Babcock University Medical Journal

Journal Information
ISSN / EISSN : 2465-6666 / 2756-4657
Published by: Babcock Medical Society (10.38029)
Total articles ≅ 60
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Manmak Mamven, Ifeanyi Ucha, Oluseyi Adejumo
Published: 30 June 2022
Babcock University Medical Journal, Volume 5, pp 45-53; https://doi.org/10.38029/babcockunivmedj.v5i1.125

Abstract:
Objective: Chronic kidney disease is characterized by a state of chronic inflammation which is associated with poor cardiovascular disease outcomes. The study determined the prevalence of elevated neutrophil-lymphocyte ratio and platelet-lymphocyte ratio as surrogate markers of inflammation and their association with some cardiovascular risk factors among pre-dialysis CKD patients. Method: This was a cross-sectional study to determine and compare the prevalence of elevated NLR and PLR. The correlation between these surrogate inflammatory markers and some cardiovascular risk factors was determined. Data were analyzed using SPSS version 21 software. P-value of < 0.05 was taken as significant. Results: This study involved 51 pre-dialysis CKD patients and 51 controls with mean ages of 50.96±11.42 years and 48.31±9.83 years, respectively. The prevalence of elevated NLR was significantly higher in the CKD group (35.3% vs13.7%; P=0.010). In the CKD group, there was significant negative correlation between NLR and eGFR (r= -0.393; P=0.004), hemoglobin concentration (r= -0.543; P=<0.001) and HDL (r= -0.292; P=0.037). There was significant positive correlation between NLR and PLR (r=0.669; P=<0.001), TC:HDL (r=0.334; P=0.017), AIP(r=0.289; P=0.042) and LDL:HDL (r=0.320; P=0.020). There was significant positive correlation between PLR, NLR (r=0.695; P=<0.001) and AIP (r=0.283; P=0.047). There was significant negative correlation between PLR and estimated GFR (r=- 0.448; P=0.001), hemoglobin concentration (r= -0.596; P=<0.001), serum albumin (r= -0.388; P=0.005), serum HDL-C (r= -0.387; P= 0.005). Conclusion: NLR and PLR were significantly higher in pre-dialysis CKD patients and were associated with cardiovascular risk. They should be routinely used to identify those with high cardiovascular risk.
Nafisat Usman, Benjamin Dominic, Bilkisu Nwankwo, Awawu Nmadu, Nanben Omole, Oyiza Usman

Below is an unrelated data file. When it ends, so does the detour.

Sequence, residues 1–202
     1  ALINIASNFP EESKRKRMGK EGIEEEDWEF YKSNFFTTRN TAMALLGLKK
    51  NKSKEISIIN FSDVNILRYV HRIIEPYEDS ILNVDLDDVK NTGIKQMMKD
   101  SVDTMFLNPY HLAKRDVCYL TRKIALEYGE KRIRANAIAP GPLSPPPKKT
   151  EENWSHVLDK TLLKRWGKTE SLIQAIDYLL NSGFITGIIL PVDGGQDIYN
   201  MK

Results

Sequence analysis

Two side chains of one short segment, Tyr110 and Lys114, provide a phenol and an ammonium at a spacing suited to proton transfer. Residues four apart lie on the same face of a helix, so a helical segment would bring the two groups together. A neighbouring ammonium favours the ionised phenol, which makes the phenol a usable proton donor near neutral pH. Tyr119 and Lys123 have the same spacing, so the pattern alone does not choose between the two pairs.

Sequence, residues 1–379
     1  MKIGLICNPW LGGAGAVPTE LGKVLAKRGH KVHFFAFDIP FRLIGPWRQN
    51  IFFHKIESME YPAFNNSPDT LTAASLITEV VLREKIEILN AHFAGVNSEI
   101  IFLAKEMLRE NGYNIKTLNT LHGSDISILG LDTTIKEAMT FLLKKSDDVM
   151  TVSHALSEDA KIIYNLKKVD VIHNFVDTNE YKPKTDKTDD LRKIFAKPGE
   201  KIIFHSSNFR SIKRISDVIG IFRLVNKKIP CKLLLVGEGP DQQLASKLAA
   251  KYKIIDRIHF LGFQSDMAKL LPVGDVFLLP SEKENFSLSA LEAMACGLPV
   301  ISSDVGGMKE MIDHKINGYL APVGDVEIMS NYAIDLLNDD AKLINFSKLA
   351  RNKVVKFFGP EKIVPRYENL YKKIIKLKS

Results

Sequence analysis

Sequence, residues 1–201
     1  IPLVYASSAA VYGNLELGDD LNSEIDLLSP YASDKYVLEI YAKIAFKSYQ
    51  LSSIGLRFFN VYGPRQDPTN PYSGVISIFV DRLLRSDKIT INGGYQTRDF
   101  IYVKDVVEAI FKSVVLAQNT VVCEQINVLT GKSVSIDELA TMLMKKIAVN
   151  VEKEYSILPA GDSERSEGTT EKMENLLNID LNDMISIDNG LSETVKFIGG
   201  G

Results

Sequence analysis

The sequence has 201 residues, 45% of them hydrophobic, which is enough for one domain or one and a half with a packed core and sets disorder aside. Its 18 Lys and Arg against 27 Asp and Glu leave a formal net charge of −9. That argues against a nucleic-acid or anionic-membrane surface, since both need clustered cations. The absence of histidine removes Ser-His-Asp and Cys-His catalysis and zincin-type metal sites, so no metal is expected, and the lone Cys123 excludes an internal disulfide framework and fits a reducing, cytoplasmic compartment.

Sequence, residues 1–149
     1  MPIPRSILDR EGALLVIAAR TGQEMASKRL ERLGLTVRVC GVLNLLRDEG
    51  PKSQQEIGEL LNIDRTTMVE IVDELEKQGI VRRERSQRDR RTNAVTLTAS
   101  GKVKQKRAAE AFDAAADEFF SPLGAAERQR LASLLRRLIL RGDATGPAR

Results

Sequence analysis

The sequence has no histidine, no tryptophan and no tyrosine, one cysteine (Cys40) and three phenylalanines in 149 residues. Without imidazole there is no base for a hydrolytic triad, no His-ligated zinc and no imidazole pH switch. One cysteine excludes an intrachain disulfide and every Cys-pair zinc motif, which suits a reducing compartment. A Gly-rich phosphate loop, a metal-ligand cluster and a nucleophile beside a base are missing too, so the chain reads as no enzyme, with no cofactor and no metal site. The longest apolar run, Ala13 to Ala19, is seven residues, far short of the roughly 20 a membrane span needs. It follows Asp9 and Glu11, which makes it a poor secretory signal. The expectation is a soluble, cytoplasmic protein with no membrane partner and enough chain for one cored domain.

Published: 30 June 2022
Babcock University Medical Journal, Volume 5; https://doi.org/10.38029/babcockunivmedj.v5i1.118

Abstract:
Objective: To determine the prevalence of workplace violence and associated factors in secondary health facilities in Kaduna Metropolis. Methods: This was a cross-sectional study where a semi-structured questionnaire was used to obtain data from 177 health workers who were selected by multistage sampling. The Data was analyzed using SPSS version 23 and results were presented using frequency tables. The Chi-square test was used to test for association between independent and dependent variables. Fisher’s Exact Test was used where more than 20% of the cells had a value less than 5. The level of statistical significance was set at a p-value of <0.05. Results: The results showed that 114 (64.4%) of the respondents had experienced workplace violence; the form which was experienced by most of the respondents was verbal abuse 100 (87.7%). Most (92; 80.7%) of the respondents did nothing following the incident. Most of the respondents believed that lack of bed space 89 (50.3%) and long waiting time 119 (67.3%) are largely responsible for violent situations. There was a statistically significant relationship between the experience of workplace violence and respondents’ age (p=0.001); sex (p=0.00146); cadre (p=0.0012) and work experience (p=0.00483). Conclusion: Most of the respondents had experienced violence in the workplace but did not pursue further action. Training health workers on the means to identify volatile situations and address workplace violence is crucial to ensuring the reduction in the prevalence of harmful incidents. The safety and protection of health workers are integral to the adequate functioning of health systems.